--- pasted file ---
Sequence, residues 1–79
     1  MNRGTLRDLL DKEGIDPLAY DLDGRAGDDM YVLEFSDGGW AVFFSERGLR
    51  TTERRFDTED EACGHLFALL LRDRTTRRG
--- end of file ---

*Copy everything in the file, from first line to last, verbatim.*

Sequence, residues 1–79
     1  MNRGTLRDLL DKEGIDPLAY DLDGRAGDDM YVLEFSDGGW AVFFSERGLR
    51  TTERRFDTED EACGHLFALL LRDRTTRRG